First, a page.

I was always the butt of jokes at school because my parents never had a TV (quite!), so as soon as I was earning that's the first thing my wages went on. Now I've almost come full circle; we have a reasonably up to date one with all the gizmos, but I find myself watching less and less even with the plethora of channels now available. And then most of that is re-runs of classics like Minder and the Professionals.
When my old Sony CRT conked out a few years ago I did the same as you - web research and then wandered up the road to my local electrical store. Great service, no queue, decent enough price and able to walk home with the telly in a few minutes.

The bigger nightware was finding an afforable (ahem) stand on which to put the telly, DVD / VCR / Hard disc player recorder plus Sky box. The stand cost almost as much as the telly - a classic bit of "essential" equipment sold at rip off prices. The profit margins on those must be several 100%.
These "Smart" TVs are turning out to be rather evil. Connect it to the internet and have your viewing habits sent directly to the manufacturer :-( What they do with it is anyone's guess, sell it I imagine.

Oh and now 4K TVs are coming, if only there was some 4K content to consume on them (and is it noticeable to HD?)
ah...the humble in twenty years time people will still have working sets in their homes. now... what does one choose...LCD or LED or Plasma? don't be fooled by all the tech-talk...these tv's seem to have a shorter life-span than many a CRT.
does anyone actually watch "live" tv anymore? i certainly don't. it's all DVD box sets, and films via the internet for me.

in fact, when Timeout magazine ditched the tv listings i wasnt very happy, but it doesnt bother me now as really, the only transmitted tv i watch is the channel four news and antiques roadshow.

everything else just seems like cookery/"talent" shows and "documentaries" about people with two faces/an OCD cleaning disorder etc

anything decent is usually on bbc4 and can be watched via iplayer/now tv box

i also find that most tv documentaries are so drenched in background "mood" music that they are virtually unwatchable (this includes BBC ones).

i have complained to the bbc about this a number of times, but they just fob me off with stock copy-and-paste replies.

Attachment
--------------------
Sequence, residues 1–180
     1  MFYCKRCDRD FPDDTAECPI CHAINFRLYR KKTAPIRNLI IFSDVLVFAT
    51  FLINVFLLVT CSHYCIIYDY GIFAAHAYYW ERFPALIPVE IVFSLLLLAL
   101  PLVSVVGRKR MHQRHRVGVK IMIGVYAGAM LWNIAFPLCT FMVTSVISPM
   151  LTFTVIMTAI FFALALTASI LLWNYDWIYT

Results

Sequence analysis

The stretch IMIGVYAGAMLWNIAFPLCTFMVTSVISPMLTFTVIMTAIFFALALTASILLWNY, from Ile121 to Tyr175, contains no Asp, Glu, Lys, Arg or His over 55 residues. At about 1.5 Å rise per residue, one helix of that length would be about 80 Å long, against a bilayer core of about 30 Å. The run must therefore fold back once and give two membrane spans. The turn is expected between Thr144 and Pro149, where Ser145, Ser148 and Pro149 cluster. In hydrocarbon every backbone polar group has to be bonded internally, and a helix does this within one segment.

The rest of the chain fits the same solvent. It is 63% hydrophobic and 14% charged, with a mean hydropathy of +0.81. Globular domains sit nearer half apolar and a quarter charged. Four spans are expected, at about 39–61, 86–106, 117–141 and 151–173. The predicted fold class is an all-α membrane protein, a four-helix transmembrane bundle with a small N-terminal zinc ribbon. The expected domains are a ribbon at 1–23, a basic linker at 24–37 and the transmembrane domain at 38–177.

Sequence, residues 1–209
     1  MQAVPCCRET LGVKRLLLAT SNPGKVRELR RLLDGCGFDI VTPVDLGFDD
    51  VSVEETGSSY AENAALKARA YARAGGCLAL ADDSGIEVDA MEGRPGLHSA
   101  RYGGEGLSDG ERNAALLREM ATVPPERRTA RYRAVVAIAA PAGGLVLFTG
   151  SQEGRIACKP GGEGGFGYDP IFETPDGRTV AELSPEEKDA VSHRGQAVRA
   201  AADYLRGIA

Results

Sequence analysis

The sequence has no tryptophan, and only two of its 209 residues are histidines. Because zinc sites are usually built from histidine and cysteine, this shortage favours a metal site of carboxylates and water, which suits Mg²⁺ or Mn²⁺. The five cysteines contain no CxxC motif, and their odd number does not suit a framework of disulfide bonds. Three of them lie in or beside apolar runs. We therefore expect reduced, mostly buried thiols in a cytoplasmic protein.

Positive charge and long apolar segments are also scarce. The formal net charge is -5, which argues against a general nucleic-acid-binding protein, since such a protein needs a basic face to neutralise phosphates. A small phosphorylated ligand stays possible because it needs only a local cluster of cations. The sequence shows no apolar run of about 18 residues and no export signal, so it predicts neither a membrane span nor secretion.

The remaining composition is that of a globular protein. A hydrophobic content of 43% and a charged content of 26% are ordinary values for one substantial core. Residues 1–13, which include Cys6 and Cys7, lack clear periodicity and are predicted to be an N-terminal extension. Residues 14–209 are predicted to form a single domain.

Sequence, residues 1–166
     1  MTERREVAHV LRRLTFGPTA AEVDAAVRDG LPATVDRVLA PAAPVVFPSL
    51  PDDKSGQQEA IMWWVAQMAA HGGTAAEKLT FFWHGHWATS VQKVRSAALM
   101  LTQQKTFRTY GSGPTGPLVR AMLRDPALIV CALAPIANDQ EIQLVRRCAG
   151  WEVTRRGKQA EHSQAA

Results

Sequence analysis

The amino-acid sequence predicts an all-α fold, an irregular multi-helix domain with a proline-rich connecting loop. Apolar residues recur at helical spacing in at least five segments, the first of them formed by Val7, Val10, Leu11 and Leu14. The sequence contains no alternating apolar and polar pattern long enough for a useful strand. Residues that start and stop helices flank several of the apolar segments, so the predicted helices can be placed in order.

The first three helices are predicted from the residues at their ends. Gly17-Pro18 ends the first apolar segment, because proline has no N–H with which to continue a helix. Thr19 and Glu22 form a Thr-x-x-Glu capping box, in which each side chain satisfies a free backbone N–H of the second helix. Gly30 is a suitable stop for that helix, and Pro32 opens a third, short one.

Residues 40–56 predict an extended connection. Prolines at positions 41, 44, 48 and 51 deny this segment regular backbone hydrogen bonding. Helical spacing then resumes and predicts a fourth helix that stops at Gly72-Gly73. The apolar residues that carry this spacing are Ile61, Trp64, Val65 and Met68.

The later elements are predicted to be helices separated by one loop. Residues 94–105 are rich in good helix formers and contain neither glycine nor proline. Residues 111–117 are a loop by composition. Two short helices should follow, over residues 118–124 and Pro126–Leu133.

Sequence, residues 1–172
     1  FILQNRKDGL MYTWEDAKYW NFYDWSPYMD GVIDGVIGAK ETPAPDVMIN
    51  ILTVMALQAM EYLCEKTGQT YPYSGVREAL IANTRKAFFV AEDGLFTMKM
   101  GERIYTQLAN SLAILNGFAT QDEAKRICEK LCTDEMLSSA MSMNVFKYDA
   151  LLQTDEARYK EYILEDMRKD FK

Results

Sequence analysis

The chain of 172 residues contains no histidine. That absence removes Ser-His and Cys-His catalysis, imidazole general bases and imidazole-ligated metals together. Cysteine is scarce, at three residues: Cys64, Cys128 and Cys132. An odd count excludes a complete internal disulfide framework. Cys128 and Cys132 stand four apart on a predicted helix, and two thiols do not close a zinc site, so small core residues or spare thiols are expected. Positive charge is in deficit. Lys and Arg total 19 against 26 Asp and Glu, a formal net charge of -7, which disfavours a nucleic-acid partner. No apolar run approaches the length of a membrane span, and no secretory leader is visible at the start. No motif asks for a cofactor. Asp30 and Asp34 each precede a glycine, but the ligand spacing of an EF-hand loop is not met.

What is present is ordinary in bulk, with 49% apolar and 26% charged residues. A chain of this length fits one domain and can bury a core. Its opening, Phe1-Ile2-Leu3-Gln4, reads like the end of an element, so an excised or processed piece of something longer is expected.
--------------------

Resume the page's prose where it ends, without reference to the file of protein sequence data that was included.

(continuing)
maybe i'm getting old.
I was waiting for the first person to say they don't watch live TV any more.

Know this. We will never be friends.
Some smart TV's can record programmes - quite a lot of them without the need for a separate recorder - might even have slots for external media to play...
What's the sound like?

It seems to me that most modern TVs now seem to need a sound bar, or plugging in to some other output sound system to sound even reasonable.

We still have one CRT left. Our large one was over 25 when it died just before the Olympics. The first Sony Bravia we bought (just over 5 years ago) is already playing up. Modern technology isn't made to last, or for ease of use.

I've copied and pasted the link above as I had a similar problem with a huge dead CRT TV. It used to be operated by DHL. You book a slot and two burly men come and carried it away
Congratulations on your forage into the 21st century!
I still have a 25" Magnavox from 1995 (I also have a newer 46" TV). Problem is, there's nothing worth watching on TV anymore.The US viewing audience seems content watching mind-numbing "reality" and "talent" shows. I rarely watch broadcast TV at all these days. Except for the weekly football (American) and the occasional BPL game that they show here (if Arsenal are playing). And, to fill in for the lack of quality TV... more freakin' commercials! Trying harder to convince me to buy useless, overpriced crap every few minutes got very tiresome. I'm just glad I don't have to pay for the privilege of bad TV(no TV licenses here). Netflix, You Tube and my DVD collections of classic British and US shows are pretty much all I watch nowadays. I'll go a week or more without turning on mainstream television. And you know...I don't miss it a bit.
Sorry for the wall of words.I didn't realize my rant was so long. LOL
I'm still using a Sony CRT TV from 1995, amazing reliability really, I even still have the same remote control!
Excluding parents tv's I have gone from an old17 inch black and white to 19 inch colour at Uni followed by a 21 inch flat screen but still 4/3 CRT to a 32 inch LCD HD flat screen 2006 then last year a 55 inch LED smart tv with full surround system. I have to say I really love it.

One thing you cannot use now was the hand sized tv's you could take with you on a coach trip etc. We had one which when you had signal worked very well.
The first TV I ever watched was a B&W 9-inch set that had been hired for a weekend as a birthday treat. Hard to believe now, as I adjust the angle of my slimline LCD with my fingertips.
You can buy portable TVs like this one:

I don't know how good it is, hope that I'm not advertising.
Modern televisions have poorer sound because they are so slim there is no room to fit a good sized loudspeaker.
You could have changed the on/off switch dg but getting rid of your crt TV is probably just as well. Hope you got and LED lit LCD TV.
In my working life one of my jobs was repairing TV.
@ Half a physicist

i too have looked into find these newer "pocket-TVs" all seem to have built-in battery limited "off the grid" time. the 'old' ones took standard AA batteries an as such better suited for purpose IMHO.
My last job had a very small bit of TV (and video monitor) repair in it - it's quite satisfying to take the back off, do a bit of fault-finding, and find that swapping out a couple of capacitors can be enough to fix an otherwise dead telly. I didn't get my hands on many flat screens, but I suspect they're mostly based on printed circuit boards and less economical to repair.

Anyway, happy viewing, dg! Hope you're enjoying the world of HD too.